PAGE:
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An alternative method for delivering exogenous material into developing zebrafish embryos

Authors

  • Vikram Kohli,

    Corresponding author
    1. 9107-116 St, Ultrafast Photonics and Nano-Optics Laboratory, Centre for Nanoelectronics, Nanophotonics & Nanoscale Systems, Department of Electrical and Computer Engineering, University of Alberta, Edmonton, Alberta, T6G 2V4, Canada; telephone: 780-492-0756; fax: 780-492-1811
    • 9107-116 St, Ultrafast Photonics and Nano-Optics Laboratory, Centre for Nanoelectronics, Nanophotonics & Nanoscale Systems, Department of Electrical and Computer Engineering, University of Alberta, Edmonton, Alberta, T6G 2V4, Canada; telephone: 780-492-0756; fax: 780-492-1811.
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  • Vanesa Robles,

    1. CCMAR, Center for Marine Sciences, University of Algarve, Faro, Portugal
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  • M. Leonor Cancela,

    1. CCMAR, Center for Marine Sciences, University of Algarve, Faro, Portugal
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  • Jason P. Acker,

    1. Department of Laboratory Medicine and Pathology, University of Alberta, Edmonton, Alberta, Canada
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  • Andrew J. Waskiewicz,

    1. Department of Biological Sciences, University of Alberta, Edmonton, Alberta, Canada
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  • Abdulhakem Y. Elezzabi

    1. 9107-116 St, Ultrafast Photonics and Nano-Optics Laboratory, Centre for Nanoelectronics, Nanophotonics & Nanoscale Systems, Department of Electrical and Computer Engineering, University of Alberta, Edmonton, Alberta, T6G 2V4, Canada; telephone: 780-492-0756; fax: 780-492-1811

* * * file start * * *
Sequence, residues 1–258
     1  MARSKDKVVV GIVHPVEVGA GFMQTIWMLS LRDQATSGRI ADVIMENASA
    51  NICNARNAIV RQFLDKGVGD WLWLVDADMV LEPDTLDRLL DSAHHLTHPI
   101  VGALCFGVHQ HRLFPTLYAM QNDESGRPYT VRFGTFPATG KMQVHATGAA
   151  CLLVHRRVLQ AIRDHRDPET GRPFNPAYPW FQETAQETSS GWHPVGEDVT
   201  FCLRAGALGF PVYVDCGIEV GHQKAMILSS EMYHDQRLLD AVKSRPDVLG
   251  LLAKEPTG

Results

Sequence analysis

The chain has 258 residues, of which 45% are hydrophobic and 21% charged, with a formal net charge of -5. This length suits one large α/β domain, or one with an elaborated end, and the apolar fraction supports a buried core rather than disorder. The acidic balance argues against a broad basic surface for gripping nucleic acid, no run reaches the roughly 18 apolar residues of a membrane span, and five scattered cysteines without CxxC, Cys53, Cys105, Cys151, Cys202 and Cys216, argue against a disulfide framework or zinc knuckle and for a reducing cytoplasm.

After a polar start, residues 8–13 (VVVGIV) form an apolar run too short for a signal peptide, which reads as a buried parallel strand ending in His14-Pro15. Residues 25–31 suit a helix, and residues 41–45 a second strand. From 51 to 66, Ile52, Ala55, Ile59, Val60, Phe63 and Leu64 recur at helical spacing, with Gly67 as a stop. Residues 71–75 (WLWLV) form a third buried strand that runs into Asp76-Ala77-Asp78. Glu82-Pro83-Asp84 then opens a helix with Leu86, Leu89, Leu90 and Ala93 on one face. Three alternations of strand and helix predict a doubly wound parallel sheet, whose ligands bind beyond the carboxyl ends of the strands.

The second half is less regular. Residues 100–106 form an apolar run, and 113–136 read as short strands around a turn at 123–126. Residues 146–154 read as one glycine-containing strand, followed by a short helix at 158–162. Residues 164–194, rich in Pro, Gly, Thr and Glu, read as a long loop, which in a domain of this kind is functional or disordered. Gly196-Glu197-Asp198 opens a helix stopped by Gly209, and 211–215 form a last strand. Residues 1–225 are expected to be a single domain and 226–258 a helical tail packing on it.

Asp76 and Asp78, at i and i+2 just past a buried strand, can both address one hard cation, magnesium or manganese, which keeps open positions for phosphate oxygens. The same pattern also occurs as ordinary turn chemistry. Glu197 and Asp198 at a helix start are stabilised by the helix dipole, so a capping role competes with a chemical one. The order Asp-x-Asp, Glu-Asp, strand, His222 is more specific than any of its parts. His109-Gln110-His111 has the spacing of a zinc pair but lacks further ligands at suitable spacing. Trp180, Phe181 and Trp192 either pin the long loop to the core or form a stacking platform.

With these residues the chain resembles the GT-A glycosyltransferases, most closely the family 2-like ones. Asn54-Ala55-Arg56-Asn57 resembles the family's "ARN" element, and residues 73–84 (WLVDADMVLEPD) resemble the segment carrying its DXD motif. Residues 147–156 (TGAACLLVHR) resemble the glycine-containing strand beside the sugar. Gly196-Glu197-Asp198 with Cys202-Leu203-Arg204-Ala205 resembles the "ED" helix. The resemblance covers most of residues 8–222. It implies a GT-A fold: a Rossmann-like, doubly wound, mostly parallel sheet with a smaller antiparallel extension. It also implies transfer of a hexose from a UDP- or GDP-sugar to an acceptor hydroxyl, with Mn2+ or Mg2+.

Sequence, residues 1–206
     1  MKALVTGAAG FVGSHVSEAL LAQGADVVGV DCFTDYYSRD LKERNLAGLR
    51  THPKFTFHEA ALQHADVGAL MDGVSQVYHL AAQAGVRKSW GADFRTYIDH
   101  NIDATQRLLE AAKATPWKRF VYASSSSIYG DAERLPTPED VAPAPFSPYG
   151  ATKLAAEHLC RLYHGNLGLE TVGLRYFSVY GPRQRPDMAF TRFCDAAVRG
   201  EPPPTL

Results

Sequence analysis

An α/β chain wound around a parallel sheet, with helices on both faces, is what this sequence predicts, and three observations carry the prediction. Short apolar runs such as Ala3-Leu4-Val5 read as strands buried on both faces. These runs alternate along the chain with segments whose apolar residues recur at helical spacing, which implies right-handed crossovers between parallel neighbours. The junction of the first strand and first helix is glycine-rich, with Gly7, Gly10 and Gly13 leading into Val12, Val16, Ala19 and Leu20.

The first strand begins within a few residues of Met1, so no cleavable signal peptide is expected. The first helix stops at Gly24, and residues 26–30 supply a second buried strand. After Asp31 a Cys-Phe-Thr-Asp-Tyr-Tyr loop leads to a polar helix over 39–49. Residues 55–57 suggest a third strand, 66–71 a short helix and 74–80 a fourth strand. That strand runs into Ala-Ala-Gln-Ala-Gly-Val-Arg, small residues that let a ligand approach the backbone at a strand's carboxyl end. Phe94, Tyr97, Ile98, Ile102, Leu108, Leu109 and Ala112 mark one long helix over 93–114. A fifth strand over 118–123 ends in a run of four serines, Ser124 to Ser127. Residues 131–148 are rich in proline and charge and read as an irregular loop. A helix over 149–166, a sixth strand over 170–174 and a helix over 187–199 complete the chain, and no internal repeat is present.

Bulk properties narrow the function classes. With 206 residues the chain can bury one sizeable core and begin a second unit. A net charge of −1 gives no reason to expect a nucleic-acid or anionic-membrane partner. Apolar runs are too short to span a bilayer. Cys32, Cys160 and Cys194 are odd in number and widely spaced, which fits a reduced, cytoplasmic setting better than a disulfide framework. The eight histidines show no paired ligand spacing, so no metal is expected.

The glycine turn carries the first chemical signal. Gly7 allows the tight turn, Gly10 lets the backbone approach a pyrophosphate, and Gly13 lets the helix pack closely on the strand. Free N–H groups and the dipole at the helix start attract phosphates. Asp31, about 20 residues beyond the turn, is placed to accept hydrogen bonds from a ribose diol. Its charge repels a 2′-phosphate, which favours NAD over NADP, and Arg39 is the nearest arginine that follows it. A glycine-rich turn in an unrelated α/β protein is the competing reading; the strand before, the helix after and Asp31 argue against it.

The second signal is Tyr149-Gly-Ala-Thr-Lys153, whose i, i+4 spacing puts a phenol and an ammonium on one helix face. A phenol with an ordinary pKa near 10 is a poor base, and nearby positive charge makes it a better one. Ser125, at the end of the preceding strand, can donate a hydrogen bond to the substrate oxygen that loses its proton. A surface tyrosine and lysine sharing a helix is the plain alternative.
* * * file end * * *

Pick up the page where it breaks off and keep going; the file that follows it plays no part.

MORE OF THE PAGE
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Abstract

Non-invasive manipulation of multicellular systems is important for medical and biological research. The ability to introduce, remove, or modify molecules in the intracellular environment is pivotal to our understanding of cellular structure and function. Herein, we report on an alternative method for introducing foreign material into developing embryos using the application of femtosecond (fs) laser pulses. When intense fs laser pulses are focused to a sub-micron spot, transient pores are formed, providing a transport pathway for the delivery of exogenous material into embryonic cells. In this study, zebrafish embryos were used as a model system to demonstrate the non-invasiveness of this applied delivery tool. Utilizing optically induced transient pores chorionated and dechorionated zebrafish embryos were successfully loaded with a fluorescent reporter molecule (fluorescein isothiocyanate), Streptavidin-conjugated quantum dots or DNA (Simian-CMV-EGFP). Pore formation was independent of the targeted location, with both blastomere-yolk interface and blastomere pores competent for delivery. Long-term survival of laser manipulated embryos to pec-fin stage was 89% and 100% for dechorionated and chorionated embryos, respectively. To our knowledge, this is the first report of DNA delivery into zebrafish embryos utilizing fs laser pulses. Biotechnol. Bioeng. 2007;98: 1230–1241. © 2007 Wiley Periodicals, Inc.

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